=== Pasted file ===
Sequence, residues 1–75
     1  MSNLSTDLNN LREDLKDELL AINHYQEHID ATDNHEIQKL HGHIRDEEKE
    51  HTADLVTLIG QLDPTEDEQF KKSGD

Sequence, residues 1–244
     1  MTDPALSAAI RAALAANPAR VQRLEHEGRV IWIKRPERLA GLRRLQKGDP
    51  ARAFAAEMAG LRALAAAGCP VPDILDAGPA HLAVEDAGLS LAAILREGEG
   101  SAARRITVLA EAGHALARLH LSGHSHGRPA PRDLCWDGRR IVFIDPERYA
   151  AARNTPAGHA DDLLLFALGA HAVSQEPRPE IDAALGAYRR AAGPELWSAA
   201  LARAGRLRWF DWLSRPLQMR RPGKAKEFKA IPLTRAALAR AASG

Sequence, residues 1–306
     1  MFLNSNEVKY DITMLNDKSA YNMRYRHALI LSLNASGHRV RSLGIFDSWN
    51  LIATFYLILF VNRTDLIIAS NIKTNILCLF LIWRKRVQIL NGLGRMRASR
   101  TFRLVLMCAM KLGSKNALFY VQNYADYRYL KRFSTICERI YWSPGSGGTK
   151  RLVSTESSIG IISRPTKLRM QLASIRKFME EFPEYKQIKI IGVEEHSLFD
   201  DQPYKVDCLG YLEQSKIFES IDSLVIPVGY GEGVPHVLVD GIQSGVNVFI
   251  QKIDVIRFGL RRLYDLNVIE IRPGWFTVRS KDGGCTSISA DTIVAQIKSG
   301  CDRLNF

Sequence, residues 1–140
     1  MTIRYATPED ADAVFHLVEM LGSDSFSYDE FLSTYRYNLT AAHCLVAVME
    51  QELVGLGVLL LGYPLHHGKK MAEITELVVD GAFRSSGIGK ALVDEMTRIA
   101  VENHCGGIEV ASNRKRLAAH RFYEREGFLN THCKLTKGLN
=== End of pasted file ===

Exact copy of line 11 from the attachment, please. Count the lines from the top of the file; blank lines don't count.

     1  MFLNSNEVKY DITMLNDKSA YNMRYRHALI LSLNASGHRV RSLGIFDSWN